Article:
You wouldn’t walk into a car showroom and hand a salesman a check for the price that appears on a window sticker, would you? Probably not. Few people do.
But the fact is, most people “buy” their college educations in just that way. They look at a college’s official tuition and decide whether they can afford it or not.
That’s the story reported in “On Sticker Prices and `Wishful Thinking,’” a recent article by Eric Hoover in the Chronicle of Higher Education. According to Hoover, few people realize that they can pay less than sticker.
We’d urge you to read the article, which reveals some surprising information about the way people shop for higher education:
Almost nobody bargains. According to a recent survey conducted by the College Board, 59 percent of students look no further than sticker prices. Only 28 percent of students consider financial aid to determine the “real” cost of an education they will buy.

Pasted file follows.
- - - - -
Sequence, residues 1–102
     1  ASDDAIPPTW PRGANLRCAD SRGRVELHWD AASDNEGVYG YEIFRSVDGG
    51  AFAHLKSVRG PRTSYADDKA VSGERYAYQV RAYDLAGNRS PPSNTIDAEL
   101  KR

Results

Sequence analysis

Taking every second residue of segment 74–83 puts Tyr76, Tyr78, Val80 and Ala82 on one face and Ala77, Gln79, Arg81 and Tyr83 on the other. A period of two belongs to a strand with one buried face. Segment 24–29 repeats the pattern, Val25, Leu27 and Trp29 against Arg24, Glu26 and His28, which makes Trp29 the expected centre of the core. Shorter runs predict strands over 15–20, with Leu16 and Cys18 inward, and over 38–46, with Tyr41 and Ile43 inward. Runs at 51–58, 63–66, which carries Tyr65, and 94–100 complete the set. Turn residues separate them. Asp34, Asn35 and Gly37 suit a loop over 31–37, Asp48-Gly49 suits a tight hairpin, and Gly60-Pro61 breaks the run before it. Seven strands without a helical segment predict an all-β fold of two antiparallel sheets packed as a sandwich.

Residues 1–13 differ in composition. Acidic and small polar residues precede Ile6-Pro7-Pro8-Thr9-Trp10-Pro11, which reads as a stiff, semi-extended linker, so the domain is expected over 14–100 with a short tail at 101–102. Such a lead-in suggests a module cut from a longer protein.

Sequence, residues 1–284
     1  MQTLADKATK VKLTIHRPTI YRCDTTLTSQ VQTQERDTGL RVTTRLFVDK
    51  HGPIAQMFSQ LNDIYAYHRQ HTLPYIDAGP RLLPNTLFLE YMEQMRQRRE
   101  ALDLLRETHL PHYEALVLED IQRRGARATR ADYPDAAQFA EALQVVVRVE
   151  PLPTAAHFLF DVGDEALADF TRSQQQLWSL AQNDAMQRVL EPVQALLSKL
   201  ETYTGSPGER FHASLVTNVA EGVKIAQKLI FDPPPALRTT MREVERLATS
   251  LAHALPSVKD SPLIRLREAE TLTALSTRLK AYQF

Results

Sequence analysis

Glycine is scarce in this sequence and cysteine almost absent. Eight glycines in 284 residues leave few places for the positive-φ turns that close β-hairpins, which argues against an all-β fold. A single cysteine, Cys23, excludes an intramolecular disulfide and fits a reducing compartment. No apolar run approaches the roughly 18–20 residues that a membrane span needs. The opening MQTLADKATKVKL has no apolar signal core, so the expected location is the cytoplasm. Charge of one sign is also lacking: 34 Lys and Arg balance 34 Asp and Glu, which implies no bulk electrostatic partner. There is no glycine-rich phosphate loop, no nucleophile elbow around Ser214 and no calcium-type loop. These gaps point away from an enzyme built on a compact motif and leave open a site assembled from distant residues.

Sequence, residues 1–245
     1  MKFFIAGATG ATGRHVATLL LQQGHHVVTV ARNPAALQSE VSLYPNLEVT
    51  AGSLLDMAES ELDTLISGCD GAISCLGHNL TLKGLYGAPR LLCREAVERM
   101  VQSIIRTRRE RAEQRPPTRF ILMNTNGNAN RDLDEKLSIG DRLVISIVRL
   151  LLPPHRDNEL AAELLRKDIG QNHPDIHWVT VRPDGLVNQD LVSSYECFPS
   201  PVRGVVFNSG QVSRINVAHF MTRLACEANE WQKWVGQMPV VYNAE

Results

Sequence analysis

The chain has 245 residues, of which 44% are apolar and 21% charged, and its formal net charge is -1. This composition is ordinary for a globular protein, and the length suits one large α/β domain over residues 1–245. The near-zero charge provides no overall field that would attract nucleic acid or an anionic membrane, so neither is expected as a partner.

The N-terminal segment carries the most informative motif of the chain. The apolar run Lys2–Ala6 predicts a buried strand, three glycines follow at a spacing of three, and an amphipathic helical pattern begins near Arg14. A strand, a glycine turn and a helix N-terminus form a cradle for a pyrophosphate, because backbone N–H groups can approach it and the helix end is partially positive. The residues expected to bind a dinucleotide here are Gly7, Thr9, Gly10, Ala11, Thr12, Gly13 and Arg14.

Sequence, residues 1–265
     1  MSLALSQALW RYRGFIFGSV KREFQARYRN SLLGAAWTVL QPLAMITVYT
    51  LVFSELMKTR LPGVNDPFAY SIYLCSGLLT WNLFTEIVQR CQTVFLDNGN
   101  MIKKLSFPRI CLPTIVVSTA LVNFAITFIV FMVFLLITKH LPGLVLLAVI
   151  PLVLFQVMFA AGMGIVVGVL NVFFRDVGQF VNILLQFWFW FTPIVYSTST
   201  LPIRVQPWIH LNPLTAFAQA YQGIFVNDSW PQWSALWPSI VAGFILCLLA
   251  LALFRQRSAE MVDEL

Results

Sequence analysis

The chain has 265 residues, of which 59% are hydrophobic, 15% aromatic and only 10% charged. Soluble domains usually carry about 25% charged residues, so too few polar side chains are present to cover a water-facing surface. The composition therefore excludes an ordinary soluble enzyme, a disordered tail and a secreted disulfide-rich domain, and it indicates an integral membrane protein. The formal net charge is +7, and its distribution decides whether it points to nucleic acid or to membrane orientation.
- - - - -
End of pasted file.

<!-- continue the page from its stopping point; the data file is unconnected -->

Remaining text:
People do not utilize online resources. Only 26 percent of students and their families use one of the financial-aid calculators that are currently available online. And 58 percent of college applicants say they have never used one.
The wealthiest families are the best “shoppers.” Twenty-five percent of wealthy families use online financial aid calculators, compared to only 8 percent of families in the lowest income bracket.
Many students don’t think about financial aid until after they start college. Among students who are not certain how their families will pay for college, 24 percent say that they will start anyway and “work something out when the time comes."
Hoover also reports that by next year, the federal government will require all colleges and universities to have financial aid calculators on their Websites. Until then, you can access one by clicking HERE.
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